Emotional resonance. That, and an unprecedented topical relevance, are two big reasons why the Oscar Grant movie “Fruitvale Station” is off to a great start. As Variety reported, it had the highest per-screen average of any film this past weekend, selling out every single showing at Oakland’s Grand Lake Theater. The film’s numbers may have been boosted by the media attention around the George Zimmerman trial, which ended just as the film was opening, in an eerie case of synchronicity. But strong word of mouth and excellent reviews from top critics hasn’t hurt, either.

“Fruitvale Station” may well end up being one of the best-reviewed films in recent memory; on July 14, three days after it opened in NY, LA, and Oakland, 56 of the 62 reviews listed on RottenTomatoes.com were positive, a 90% rating. To put that in perspective, the movie was higher-reviewed than every other single movie in the top ten box office the week of its release.

Many of the positive reviews touched on similar themes: the humanization of Oscar Grant’s maligned, misunderstood character; the cinema verite-like aspects of the film; the poignant performance by Michael B. Jordan in the lead role; and the effective first-time direction by Ryan Coogler.

“The emotional impact of “Fruitvale Station” cannot be overstated,” writes Joe Neumaier of the NY Daily News. “What’s emotionally compelling about the film is that Coogler manages to get the audience involved,” notes Wilson Morales of BlackFilm.com. “The movie is modest in its ambition and powerful in its reverberations,” adds Mick La Salle of the SF Chronicle. Cole Smithey, of Cole Smithey.com, calls the film “a cautionary reminder of how predictably unpredictable law enforcement officers in America are.”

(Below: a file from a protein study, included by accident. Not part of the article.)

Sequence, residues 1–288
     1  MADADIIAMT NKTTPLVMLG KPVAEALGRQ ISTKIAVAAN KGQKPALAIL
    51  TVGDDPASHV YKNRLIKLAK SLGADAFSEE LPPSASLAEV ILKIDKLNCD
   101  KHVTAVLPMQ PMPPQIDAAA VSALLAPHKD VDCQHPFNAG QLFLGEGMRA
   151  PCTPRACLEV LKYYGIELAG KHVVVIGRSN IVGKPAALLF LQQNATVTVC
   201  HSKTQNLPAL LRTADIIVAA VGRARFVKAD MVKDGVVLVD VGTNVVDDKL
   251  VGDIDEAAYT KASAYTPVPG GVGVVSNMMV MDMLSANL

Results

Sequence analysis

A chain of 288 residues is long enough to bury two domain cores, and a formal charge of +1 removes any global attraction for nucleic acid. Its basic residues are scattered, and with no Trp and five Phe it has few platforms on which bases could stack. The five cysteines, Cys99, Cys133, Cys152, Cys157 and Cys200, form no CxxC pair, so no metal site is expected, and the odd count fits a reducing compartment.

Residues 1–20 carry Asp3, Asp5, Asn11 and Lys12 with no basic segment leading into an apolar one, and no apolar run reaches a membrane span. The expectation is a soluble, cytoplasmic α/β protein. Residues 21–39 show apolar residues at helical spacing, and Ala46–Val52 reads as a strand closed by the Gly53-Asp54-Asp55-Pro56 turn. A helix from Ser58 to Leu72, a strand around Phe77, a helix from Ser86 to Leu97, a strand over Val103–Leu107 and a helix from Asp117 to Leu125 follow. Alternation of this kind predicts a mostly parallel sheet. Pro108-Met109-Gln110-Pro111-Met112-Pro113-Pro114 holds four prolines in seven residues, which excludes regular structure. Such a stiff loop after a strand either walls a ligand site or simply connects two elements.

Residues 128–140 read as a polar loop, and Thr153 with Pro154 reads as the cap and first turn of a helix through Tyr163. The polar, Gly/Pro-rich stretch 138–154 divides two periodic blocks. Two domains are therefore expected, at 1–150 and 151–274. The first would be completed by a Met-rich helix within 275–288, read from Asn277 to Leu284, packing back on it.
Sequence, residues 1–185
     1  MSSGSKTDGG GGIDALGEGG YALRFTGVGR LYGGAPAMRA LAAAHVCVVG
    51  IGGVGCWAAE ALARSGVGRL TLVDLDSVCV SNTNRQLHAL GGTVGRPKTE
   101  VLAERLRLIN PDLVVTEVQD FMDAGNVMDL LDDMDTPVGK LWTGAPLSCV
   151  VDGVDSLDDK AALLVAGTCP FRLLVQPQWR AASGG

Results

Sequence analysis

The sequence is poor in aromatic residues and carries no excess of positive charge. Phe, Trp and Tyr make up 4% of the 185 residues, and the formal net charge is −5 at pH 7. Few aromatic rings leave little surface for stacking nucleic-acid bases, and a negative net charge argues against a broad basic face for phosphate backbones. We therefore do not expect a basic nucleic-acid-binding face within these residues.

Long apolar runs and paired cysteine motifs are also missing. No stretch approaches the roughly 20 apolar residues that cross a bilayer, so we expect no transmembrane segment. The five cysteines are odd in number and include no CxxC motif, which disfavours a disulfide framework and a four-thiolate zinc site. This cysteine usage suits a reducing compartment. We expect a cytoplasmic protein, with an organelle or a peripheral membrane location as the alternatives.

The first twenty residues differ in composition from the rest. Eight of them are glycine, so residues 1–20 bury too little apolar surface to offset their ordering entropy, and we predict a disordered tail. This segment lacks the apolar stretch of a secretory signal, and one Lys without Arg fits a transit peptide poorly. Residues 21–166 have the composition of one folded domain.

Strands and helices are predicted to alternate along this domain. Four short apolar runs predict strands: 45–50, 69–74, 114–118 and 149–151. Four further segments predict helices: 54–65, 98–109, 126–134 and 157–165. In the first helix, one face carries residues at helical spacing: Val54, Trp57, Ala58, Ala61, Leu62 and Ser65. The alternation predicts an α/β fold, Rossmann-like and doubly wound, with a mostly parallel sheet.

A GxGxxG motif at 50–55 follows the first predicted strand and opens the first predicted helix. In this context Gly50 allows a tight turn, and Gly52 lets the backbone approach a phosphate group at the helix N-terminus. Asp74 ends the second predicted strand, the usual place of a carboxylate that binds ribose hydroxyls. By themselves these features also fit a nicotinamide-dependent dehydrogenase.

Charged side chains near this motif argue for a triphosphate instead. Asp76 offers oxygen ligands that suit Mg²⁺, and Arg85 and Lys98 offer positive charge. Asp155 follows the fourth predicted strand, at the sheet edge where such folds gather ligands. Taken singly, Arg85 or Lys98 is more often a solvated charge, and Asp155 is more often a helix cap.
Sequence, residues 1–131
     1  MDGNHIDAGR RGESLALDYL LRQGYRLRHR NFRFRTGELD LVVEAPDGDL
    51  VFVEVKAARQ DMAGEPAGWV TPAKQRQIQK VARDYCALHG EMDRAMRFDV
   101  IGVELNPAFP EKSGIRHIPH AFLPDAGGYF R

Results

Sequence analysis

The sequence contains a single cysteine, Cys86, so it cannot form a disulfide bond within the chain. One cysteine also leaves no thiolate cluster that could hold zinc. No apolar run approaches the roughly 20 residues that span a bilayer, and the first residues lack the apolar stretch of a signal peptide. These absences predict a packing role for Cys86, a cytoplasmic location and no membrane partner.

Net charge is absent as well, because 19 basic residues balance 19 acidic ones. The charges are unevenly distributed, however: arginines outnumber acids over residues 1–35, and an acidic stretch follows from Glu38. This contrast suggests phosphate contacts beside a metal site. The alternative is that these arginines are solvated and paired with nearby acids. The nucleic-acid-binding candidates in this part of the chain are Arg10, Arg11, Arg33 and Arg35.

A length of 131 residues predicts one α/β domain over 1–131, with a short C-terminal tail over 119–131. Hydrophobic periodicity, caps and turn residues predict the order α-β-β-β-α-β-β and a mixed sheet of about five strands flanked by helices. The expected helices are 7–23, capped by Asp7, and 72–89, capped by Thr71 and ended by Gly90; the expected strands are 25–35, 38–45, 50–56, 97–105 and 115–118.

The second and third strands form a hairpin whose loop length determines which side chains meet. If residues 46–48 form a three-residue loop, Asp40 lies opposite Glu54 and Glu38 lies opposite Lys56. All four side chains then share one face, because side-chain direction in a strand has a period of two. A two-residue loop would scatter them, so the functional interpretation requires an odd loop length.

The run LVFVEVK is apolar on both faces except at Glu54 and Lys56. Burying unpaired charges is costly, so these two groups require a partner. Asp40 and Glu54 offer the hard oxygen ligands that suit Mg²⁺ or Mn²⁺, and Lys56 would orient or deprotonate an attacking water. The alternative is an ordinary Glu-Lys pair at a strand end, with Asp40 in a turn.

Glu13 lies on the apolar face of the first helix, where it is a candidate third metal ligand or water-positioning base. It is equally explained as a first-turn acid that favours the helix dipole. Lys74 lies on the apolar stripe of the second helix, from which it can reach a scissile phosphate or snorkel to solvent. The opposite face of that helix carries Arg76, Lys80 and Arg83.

One of the most salient comments, by Film.com’s Amanda Mae Meyncke, seems as applicable to real life as it is to cinema:“It’s truly remarkable how much prejudice can slip into our assessment of facts, how much bias can control our thoughts and distract us from discovering the truth of a matter.”

While most of “Fruitvale Station”‘s fictionalized scenes don’t particularly advance the movie’s plot, they do speak to the larger context of the real world, addressing societal perceptions, biases, and prejudgments in an honest, non-preachy, way. This is important, because the subtext of the movie is the huge elephant in the room: racial profiling.